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Pulitzer Center Update February 17, 2023

Event Recording: Sophie Neiman at William & Mary Reves Center


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Thorny questions about who stands to lose and who will benefit from natural resources in Africa’s...

Pulitzer Center grantee Sophie Neiman gave a talk at the College of William & Mary in Virginia titled “‘They Don’t Want Our Work To Continue’: Activists in Uganda's Contentious Oil Region” on February 6, 2023. Based on her Center-supported project, Charting Conflict and Corruption–Uganda and the DRC, Neiman’s presentation weighed the “human costs of resource development.” The Neiman event was held at William & Mary's Reves Center for International Studies.

Neiman’s project, featured in The New York Review of Books, World Politics Review, and African Arguments, follows the jagged East African Crude Oil Pipeline, which, according to her reporting, is “quite literally dividing Uganda.”

The longest underground heated oil pipeline in the world begins in Bulisa, bends around Lake Victoria, and ends in the Tanzanian port city of Tanga. Neiman completed two reporting trips to Uganda: one in fall 2021 and another a year later in 2022.

On one side of the contentious pipeline debate are Ugandan President Yoweri Museveni, France’s TotalEnergies, and the China National Offshore Oil Corporation. On the other side are residents of 178 villages set to be severed, 3,000 households that stand to lose at least part of their land, and 10,000 households disrupted by the pipeline and its feeder ramifications.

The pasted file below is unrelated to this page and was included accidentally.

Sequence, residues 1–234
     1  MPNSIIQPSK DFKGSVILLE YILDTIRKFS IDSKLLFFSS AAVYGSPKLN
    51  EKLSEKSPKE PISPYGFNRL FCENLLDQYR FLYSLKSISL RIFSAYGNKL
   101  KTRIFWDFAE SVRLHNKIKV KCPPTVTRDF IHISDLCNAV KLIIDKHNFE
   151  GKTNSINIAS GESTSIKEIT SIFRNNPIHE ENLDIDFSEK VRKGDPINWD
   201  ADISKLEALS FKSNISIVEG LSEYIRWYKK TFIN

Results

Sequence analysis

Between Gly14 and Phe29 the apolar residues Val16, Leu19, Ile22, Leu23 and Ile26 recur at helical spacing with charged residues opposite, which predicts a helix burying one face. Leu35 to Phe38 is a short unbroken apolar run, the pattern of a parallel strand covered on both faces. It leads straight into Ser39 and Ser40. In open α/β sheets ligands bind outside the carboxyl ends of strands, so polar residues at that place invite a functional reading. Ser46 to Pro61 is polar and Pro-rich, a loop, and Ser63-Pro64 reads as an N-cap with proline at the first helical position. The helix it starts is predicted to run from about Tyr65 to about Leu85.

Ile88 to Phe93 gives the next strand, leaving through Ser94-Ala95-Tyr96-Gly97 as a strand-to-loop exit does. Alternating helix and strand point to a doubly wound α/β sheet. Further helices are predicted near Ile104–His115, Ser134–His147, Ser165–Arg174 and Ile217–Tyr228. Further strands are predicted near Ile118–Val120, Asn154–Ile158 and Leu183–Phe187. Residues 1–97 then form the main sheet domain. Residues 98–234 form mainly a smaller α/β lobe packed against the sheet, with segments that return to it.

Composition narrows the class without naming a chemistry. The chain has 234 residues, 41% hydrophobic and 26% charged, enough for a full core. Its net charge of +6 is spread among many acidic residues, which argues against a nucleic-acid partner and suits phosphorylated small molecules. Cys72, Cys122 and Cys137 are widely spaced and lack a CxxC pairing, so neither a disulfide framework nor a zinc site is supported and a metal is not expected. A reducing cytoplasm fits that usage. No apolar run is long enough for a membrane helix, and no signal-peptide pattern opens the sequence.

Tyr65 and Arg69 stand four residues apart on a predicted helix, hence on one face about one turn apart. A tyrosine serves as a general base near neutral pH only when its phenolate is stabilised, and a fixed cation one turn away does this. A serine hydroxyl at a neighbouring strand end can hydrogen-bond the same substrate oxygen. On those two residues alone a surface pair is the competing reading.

The pipeline’s stakeholders dismiss neocolonial criticism: If the West can get rich off of their oil, why can’t Uganda? And, for that matter, why shouldn’t foreigners be able to make some money—in the case of TotalEnergies, a healthy 62%—if they offer up their expertise?

In her presentation, Neiman recalled Jealousy Mugisha, a farmer whose land the pipeline construction fractured and polluted. Mugisha was worried that the oil “will leave us poor, poor people” and that it will leave Museveni, who has taken to calling the project “my oil,” rich. Accusations of threats, torture, shortchanging, and abuse abound, but TotalEnergies and the Ugandan authorities deny any wrongdoing.

Neiman encouraged students to reject “a purely objective or neutral approach” when power shakes down the powerless. "Look for human stories in all you do,” she said.

Neiman’s lecture and campus visit were made possible by the Sharp Seminar, a joint initiative between the Pulitzer Center and William & Mary, established with a gift from Anne and Barry Sharp.





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